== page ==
Public Debt / Debt Ceiling / Debt Limit (

From the Congressional Glossary – Including Legislative and Budget Terms

Public Debt / Debt Ceiling / Debt Limit


Debt Limit – A Guide to American Federal Debt Made Easy

Public Debt: Cumulative amounts borrowed by the Treasury Department or the Federal Financing Bank from the public or from another fund or account. The public debt does not include agency debt (amounts borrowed by other agencies of the Federal Government).

Debt Ceiling / Debt Limit: When the revenues collected by the federal government are not sufficient to cover its expenditures, it must finance the shortfall through borrowing. In addition, the federal government is compelled to incur debt because of requirements that trust fund surpluses be invested in federal securities. Federal borrowing is subject to a public-debt limit established by statute: public debt is subject to a statutory limit, 31 U.S.C. 3101. As long as the federal government incurs annual deficits and trust funds incur annual surpluses, the public-debt limit must be increased periodically. The frequency of congressional action to raise the debt limit has ranged in the past from several times in one year to once in several years.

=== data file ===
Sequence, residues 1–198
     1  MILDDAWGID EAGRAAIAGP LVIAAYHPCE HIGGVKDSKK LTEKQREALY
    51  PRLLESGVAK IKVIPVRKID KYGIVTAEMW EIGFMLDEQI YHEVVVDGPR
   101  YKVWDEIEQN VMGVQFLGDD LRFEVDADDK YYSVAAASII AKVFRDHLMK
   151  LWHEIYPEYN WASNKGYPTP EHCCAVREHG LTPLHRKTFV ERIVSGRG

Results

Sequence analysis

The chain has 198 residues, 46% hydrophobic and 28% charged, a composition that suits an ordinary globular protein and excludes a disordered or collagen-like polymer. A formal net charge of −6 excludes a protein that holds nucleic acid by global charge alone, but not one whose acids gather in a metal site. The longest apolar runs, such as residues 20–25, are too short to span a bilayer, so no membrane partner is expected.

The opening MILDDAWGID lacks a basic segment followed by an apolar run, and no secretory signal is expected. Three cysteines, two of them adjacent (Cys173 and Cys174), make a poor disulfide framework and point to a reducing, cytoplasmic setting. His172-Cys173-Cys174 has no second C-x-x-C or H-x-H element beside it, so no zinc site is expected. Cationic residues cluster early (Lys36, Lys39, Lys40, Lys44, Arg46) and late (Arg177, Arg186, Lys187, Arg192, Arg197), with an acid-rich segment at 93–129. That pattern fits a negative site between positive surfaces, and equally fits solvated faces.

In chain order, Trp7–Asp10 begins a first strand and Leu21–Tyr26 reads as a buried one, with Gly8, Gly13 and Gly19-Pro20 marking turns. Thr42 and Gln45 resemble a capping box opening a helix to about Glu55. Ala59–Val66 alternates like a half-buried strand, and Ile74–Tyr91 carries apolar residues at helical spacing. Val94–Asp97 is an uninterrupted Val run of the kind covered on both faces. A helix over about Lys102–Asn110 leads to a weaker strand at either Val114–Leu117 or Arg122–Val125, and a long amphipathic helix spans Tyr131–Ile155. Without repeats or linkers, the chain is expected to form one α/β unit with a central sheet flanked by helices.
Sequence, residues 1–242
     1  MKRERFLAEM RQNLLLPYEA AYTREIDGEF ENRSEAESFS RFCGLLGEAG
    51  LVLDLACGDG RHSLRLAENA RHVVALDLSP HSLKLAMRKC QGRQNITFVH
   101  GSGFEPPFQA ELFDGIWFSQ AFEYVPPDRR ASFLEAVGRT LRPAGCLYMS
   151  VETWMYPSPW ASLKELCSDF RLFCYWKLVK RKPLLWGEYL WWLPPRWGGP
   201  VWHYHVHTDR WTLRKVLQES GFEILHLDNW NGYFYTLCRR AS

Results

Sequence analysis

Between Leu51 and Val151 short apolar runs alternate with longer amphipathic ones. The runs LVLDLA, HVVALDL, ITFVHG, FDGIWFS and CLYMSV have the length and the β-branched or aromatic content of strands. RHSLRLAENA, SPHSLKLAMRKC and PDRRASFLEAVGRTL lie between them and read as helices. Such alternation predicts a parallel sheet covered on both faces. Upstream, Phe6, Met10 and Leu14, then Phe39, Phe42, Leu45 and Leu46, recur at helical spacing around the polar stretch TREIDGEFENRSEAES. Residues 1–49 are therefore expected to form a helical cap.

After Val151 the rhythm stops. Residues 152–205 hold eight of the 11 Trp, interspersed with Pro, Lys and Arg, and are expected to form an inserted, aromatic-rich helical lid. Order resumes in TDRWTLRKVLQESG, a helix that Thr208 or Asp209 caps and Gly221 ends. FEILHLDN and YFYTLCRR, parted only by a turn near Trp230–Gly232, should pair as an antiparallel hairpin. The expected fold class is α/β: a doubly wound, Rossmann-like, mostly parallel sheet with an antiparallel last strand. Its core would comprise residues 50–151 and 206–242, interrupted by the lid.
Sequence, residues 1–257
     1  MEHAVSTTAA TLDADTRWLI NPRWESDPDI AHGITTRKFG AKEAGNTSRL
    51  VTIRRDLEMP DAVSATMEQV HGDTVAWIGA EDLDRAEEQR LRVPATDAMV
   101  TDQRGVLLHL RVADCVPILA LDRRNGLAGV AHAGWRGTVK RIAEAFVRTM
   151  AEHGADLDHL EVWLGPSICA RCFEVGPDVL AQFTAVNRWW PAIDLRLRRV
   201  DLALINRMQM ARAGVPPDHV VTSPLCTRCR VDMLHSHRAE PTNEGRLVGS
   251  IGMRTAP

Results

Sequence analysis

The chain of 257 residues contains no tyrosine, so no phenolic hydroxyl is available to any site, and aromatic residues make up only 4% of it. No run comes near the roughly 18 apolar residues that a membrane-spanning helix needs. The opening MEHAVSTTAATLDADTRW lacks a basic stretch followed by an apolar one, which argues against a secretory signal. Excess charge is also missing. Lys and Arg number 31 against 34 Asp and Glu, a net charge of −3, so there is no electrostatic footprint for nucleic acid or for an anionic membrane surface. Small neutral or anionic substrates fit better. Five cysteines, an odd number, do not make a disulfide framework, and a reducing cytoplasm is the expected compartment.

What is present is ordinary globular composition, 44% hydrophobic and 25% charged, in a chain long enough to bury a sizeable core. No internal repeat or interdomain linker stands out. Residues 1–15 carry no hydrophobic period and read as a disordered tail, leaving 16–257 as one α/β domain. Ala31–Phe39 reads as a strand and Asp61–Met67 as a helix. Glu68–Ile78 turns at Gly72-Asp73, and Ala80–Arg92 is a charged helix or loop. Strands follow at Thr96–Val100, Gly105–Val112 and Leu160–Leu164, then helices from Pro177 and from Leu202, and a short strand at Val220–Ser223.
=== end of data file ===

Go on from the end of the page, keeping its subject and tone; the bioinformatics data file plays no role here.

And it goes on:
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Legislation to raise the public-debt limit falls under the jurisdiction of the House Ways and Means Committee and the Senate Finance Committee. Congress has developed debt-limit legislation over the years in three ways: (1) under regular legislative procedures; (2) as part of reconciliation legislation; or (3) in the House, under Rule XXVII (referred to as the “Gephardt rule” after its author, former Representative Richard Gephardt (D-MO, 1977-2005). House Rule XXVII required that the House Clerk automatically engross and transmit to the Senate, upon the adoption of the budget resolution, a joint resolution changing the public debt limit to the level specified in the budget resolution. This automatic engrossing process was added to the House rules in 1979, remained in the House rules until it was removed at the beginning of the 107th Congress, was restored at the beginning of the 108th Congress, and was removed again at the beginning of the 112th Congress in 2011. The Senate has no procedure comparable to the Gephardt rule. The Senate may add nongermane provisions to debt-limit legislation considered under regular legislative procedures. For example, the 1985 Balanced Budget Act (Gramm-Rudman-Hollings) was an amendment to a debt-limit bill.

The Budget Control Act (BCA) of 2011 contains many elements, including a phased increase in the statutory debt limit amounting to $2.1 trillion in total.


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Also see: Budget Deficit / Budget Surplus; Date Shifting / Fiscal Transparency / Fiscal Illusion; Federal Debt; § 7.60 Spending, Revenue, and Debt-Limit Legislation, § 7.100 Debt-Limit Legislation, in Congressional Deskbook; Chapter 7.J. Debt Ceiling, in Congressional Procedure.







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